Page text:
Discontinuation of the Proceedings

The public prosecutor’s office can discontinue the proceedings against the accused under § 170 (2) StPO if the investigation results do not provide sufficient grounds for bringing a public prosecution or a lack of sufficient evidence of the offence.

If, on the other hand, the evidence is such that the public prosecutor’s office can in principle bring charges against the accused under § 170 (1) StPO, further possibilities for discontinuance arise under certain conditions from §§ 153 or 153a StPO. For example, § 153 (1) StPO provides the option of discontinuing criminal proceedings in the case of insignificance. Such insignificance can be assumed if the proceedings only concern a misdemeanour – a criminal offence with a maximum sentence of up to one-year imprisonment- the offender’s culpability would be considered minor, and there is no public interest in prosecuting the offender.

However, if there is a public interest in prosecution, it is possible to apply for the proceedings to be discontinued the consent of the competent court, subject to certain conditions and instructions for the accused under § 153a (1) StPO. The conditions may relate to the payment of a fine or the performance of community service. The advantage of any kind of discontinuation of proceedings is that there is no indictment before the criminal court and thus no public trial. Therefore, we set such an out-of-court termination of the criminal proceedings as a defence goal whenever possible.

The Penalty Order

If an offence is the subject of the proceedings and it is not possible to discontinue the proceedings, the public prosecutor can also apply to the criminal court to issue a penalty order instead of bringing charges (§ 407 (1) StPO). In the penalty order proceedings, a final conviction of the accused can then take place without an oral (public) main hearing. The accused may lodge an objection against a penalty order subsequently issued before the competent criminal court within two weeks of service (§ 410 StPO). However, the objection proceedings may then again end in an oral main hearing.

The Indictment

For the public prosecutor’s office to file a public charge under § 170(1) StPO, there must be sufficient suspicion of an offence against the accused. This is given if, after a preliminary assessment of the evidence, there is an overwhelming probability that the accused will be convicted.


Interlocutory Proceedings

After the public prosecutor’s office has brought charges, the so-called intermediate proceedings are opened. The court responsible for the main hearing then decides, according to § 199 (1) StPO, whether the main proceedings are to be opened or the proceedings are to be discontinued. The files are presented to the court and reviewed. In addition, the accused becomes a defendant upon indictment according to § 157 StPO. Further motions for evidence may be filed, and evidence may be ordered until the decision on the opening of the main proceedings (§§ 201, 202 StPO).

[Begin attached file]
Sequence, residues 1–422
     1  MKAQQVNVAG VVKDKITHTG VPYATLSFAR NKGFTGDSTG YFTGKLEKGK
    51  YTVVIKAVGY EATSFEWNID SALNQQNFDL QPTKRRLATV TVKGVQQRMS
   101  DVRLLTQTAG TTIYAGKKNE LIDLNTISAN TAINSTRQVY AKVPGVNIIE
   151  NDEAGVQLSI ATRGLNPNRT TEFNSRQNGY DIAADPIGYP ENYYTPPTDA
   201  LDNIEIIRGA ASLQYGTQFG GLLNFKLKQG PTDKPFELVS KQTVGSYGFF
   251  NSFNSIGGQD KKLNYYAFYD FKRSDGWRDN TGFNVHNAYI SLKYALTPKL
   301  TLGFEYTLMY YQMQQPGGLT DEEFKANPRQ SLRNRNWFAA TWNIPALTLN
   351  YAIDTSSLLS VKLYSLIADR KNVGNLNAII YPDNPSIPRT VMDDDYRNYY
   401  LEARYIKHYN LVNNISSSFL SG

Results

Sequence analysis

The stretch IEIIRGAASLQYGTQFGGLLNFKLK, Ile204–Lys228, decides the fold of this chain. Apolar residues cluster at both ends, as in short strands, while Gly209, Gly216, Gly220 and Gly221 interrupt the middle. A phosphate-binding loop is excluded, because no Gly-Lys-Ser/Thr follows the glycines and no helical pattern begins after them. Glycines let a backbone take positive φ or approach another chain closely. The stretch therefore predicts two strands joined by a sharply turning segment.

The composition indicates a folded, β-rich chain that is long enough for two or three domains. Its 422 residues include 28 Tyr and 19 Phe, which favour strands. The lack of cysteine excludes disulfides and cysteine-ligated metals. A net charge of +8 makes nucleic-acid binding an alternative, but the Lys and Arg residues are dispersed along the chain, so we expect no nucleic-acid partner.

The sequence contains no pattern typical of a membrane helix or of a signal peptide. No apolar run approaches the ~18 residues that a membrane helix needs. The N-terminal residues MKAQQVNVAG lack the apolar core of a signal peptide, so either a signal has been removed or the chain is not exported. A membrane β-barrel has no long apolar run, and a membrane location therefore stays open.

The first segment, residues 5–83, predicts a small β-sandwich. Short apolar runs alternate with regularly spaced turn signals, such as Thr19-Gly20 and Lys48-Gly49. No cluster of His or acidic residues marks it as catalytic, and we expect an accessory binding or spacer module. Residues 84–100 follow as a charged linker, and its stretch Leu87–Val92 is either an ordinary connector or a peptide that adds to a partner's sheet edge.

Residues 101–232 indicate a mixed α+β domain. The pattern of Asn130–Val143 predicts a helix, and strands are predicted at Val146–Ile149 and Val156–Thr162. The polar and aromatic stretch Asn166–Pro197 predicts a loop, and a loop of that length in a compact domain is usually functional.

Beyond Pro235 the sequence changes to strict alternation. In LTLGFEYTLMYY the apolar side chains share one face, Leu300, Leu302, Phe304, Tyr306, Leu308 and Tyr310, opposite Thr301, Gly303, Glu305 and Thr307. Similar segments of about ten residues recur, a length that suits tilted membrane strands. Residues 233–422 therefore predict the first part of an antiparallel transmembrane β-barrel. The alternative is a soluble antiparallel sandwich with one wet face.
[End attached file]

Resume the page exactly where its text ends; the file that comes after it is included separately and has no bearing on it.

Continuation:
The court then initiates the main proceedings with the opening decision if the accused appears to be sufficiently suspicious of a criminal offence according to the preliminary investigation results according to § 203 StPO.


The Main Proceedings

After the opening decision, a date for the main hearing is set by the presiding judge. Depending on the complexity of the facts of the case and the length of the evidence list, the main hearing may end after only a few hours or be delayed for several days, weeks or months. The course of the main hearing is regulated in detail in §§ 243, 244 StPO.

  1. First, the presiding judge determines whether the accused and their defence counsel are present and whether the evidence has been produced, particularly whether the summoned witnesses and experts have appeared.
  2. The witnesses then leave the courtroom, and the presiding judge questions the accused about his personal circumstances. As with the questioning of the accused in the preliminary proceedings, an interpreter shall be made available to the accused if necessary in the main hearing.
  3. The next step is for the public prosecutor to read out the indictment, and the accused is informed that he is free to comment on the indictment or not to testify on the merits. Qualified legal counsel will find the most successful course of action and defence strategy in this case. In any case, the court must not draw any negative conclusions from the defendant’s silence. The presumption of innocence applies to the accused until proven otherwise beyond doubt by the prosecution. This corresponds to the so-called “in dubio pro reo” principle.